He is married to Dr. Tara Bishop, a clinical psychologist, and they live with their two children in Montana.
It's rare that a second book about the same topic can be even better than the first, but I have to say that I enjoyed Stones into Schools even more that Three Cups of Tea. I thought that this book was excellent! It was a great way to learn more about what has been going on in Pakistan and Afghanistan since 2001, and even more it continues to be an inspiration to see how much this man, and his dirty dozen friends, can impact the lives of girls in the most remote places on earth. We hear so much negativity these days - this story gives you hope that hard (HARD) work does pay off.
As for why I think this book was better - the first book told a great story, but it was done in a way that was a bit frazzled and scatterbrained, which as Mr. Mortenson declares himself is exactly how he is. Someone took the editing reigns on this one, and the story line was much more linear (as linear as you can get when you're building dozens of schools throughout two countries at one time) more human(he actually told it from his own perspective, which was nice)and the stories and the hard work of the people who are making these changes were highlighted just as much as the people who have been positively impacted. I also liked the addition of maps of not only the locations of the schools, but also of the ethnic distribution, and topography. He also wrote 8 pages of acknowledgements - and that has to win your heart over.
Great book, and once I make sure it gets passed around to everyone I know who wants to read it, I will be gifting it to the library, so that it can impact others as well.
Things to think about from the first 50 pgs: 1) Girl Effect - changing communities through the education of women 2) "Last person First" Principle - is this a good principle in missions as well? 3) Mortenson's raggedy Pakistani staff. Is it much different from the 12 disciples - uneducated, yet perfectly in tune with the local culture and passionate for the cause of their leader.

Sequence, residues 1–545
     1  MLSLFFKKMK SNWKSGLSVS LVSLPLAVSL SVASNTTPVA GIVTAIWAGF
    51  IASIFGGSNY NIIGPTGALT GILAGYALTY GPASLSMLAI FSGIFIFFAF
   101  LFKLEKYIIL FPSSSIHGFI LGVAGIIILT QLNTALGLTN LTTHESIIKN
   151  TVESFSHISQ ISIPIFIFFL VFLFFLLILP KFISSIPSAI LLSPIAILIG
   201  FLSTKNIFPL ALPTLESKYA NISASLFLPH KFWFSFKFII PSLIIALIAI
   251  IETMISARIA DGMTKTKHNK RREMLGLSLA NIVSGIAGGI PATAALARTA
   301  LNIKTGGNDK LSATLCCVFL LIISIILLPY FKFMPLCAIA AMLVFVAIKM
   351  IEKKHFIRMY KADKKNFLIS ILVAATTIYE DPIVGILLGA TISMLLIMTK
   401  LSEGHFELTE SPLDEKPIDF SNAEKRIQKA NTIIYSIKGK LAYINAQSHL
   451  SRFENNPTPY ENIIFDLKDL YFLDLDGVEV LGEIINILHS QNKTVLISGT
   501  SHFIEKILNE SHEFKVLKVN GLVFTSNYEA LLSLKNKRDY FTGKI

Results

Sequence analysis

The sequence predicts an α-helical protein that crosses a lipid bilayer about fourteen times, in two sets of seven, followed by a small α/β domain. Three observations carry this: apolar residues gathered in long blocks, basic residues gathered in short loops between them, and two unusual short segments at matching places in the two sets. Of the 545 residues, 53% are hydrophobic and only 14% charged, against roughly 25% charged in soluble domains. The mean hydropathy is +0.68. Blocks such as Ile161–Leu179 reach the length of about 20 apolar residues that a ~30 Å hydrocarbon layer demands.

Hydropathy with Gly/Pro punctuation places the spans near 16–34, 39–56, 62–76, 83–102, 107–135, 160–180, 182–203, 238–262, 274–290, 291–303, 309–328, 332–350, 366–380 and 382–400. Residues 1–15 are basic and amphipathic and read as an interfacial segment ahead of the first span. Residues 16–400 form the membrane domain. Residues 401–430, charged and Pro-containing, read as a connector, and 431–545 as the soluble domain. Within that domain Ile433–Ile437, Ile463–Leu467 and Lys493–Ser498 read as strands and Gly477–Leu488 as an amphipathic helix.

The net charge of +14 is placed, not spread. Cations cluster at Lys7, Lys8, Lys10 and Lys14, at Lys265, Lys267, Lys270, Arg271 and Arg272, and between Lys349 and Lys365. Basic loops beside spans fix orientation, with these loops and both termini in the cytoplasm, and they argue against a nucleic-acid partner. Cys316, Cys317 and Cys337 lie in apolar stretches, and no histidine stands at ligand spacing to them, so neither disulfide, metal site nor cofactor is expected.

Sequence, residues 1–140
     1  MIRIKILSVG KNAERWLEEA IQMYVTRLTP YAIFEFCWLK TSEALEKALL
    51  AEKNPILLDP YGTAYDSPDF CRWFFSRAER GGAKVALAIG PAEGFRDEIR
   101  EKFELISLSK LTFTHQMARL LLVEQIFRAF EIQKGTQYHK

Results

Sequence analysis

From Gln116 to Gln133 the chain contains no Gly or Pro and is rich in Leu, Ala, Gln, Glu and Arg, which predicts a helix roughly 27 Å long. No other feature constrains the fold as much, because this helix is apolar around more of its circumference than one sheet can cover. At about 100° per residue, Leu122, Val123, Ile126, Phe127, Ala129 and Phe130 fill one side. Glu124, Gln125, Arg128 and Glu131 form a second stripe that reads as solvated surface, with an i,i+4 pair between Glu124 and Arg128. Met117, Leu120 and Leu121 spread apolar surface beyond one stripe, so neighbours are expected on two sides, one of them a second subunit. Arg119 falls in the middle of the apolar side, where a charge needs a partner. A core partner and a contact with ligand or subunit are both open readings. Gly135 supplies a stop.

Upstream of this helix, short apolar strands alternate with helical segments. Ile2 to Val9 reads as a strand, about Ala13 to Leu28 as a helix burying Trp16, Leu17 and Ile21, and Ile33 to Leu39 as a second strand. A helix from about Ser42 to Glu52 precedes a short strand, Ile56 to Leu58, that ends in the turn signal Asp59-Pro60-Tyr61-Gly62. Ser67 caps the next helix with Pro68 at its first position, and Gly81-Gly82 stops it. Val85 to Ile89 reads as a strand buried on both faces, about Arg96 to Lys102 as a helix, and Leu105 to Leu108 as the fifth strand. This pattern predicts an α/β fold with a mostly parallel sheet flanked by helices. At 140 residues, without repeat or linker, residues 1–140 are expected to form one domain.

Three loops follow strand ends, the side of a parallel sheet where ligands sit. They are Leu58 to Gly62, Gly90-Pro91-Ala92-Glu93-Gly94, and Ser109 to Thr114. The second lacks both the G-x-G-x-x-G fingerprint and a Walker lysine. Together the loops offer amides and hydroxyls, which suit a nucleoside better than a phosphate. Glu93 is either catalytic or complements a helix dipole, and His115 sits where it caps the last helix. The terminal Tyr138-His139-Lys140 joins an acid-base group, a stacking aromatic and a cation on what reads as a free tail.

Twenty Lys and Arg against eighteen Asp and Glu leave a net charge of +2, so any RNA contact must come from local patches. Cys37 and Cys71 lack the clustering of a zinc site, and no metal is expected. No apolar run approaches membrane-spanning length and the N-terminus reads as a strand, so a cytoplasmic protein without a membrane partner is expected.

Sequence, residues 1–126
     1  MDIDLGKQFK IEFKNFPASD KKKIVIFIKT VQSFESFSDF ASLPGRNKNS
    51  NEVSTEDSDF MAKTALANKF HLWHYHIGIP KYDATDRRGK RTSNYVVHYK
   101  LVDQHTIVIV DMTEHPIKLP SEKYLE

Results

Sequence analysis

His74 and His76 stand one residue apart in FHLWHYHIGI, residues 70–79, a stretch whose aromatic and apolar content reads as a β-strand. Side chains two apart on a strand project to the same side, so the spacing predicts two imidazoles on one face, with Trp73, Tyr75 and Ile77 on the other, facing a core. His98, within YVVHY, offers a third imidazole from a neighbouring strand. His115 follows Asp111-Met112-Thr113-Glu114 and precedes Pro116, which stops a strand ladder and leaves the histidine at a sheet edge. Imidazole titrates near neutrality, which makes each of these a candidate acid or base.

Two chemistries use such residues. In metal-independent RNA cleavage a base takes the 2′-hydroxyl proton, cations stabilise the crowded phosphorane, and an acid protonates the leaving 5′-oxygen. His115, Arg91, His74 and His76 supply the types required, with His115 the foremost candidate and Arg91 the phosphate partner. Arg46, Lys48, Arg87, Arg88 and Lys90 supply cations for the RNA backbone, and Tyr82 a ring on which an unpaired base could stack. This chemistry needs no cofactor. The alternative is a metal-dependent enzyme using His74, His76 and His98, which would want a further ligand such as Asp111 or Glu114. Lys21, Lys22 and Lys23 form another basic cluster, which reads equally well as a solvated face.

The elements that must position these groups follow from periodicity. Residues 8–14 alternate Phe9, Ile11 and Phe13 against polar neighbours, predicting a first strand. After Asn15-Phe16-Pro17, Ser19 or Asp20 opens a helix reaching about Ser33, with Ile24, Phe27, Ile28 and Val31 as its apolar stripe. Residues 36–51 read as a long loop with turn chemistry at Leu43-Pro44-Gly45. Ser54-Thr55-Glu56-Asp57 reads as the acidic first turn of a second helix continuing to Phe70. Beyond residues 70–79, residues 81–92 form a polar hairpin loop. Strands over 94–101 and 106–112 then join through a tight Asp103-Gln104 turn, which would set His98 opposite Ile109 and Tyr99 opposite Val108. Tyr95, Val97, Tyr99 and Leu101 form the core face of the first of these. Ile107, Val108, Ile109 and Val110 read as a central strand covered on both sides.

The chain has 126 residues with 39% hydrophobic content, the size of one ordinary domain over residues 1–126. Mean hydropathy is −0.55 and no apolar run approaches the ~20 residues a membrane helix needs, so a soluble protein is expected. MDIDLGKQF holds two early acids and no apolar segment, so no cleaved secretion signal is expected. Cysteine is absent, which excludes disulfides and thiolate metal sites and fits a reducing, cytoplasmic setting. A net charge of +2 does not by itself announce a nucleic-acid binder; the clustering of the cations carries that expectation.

2014 update: After reading some of the controversy surrounding Greg Mortenson, my opinion on him has plummeted. He is accused of fabricating the story of him getting kidnapped by Taliban and the story of getting lost on the way down from K2 and promising the tribe that saved him that he would return to build a school (the whole premise to the book!). He is also accused of gross mismanagement of funds and using donated money for his own purposes, private jets, promoting his book, etc. The jury is still out on what he did do or didn't do, but there is enough evidence that I won't recommend the book anymore...
CAI has accumulated over $70 Million and built less than 170 schools. How is $400,000 / school a good return on an investment, when in his book he claimed he could build a school for $20K or build it and fund it for $50K? Where did the other $61 Million go then?
He does admit some financial wrongdoing and stretching the truth on some stories, but not specifics. That sours the whole story for me. I'm glad I never donated to his charity (Central Asia Institute).
No wrong doing has been attributed to the co-author David Oliver Relin. And the attacks on his book and character likely drove Relin to suicide.
Mortenson shows such a power and a confidence in his story in this book. I think one reason is because he keeps the spotlight OFF himself. He tells moving stories of others, making them the heroes and heroines of his book. He talks honestly about how uncomfortable he feels with attention, and he generously shares the credit for the successes of his schools with so many others.
His stories made me laugh out loud, like the Taliban sympathizers who visit a school and play gleefully on the playground equipment, then demand a school -- and playground -- of their own. He made me cry as he told the stories of the children who lost their opportunities to go to school, one young boy stepped on a landmine and never got to attend school. And Farzana who explained to Dr. Greg what the devastating earthquake in Kashmir felt like...who explains she and the other girls in school need desks to feel safe.
Mortenson manages to find amazing, wise mentor: his father, Haji Ali, the village elder from the first book who inspired Greg to build his first school, and in this book, Abdul Rashid Khan, the Afghan elder whose school took 10 years to build.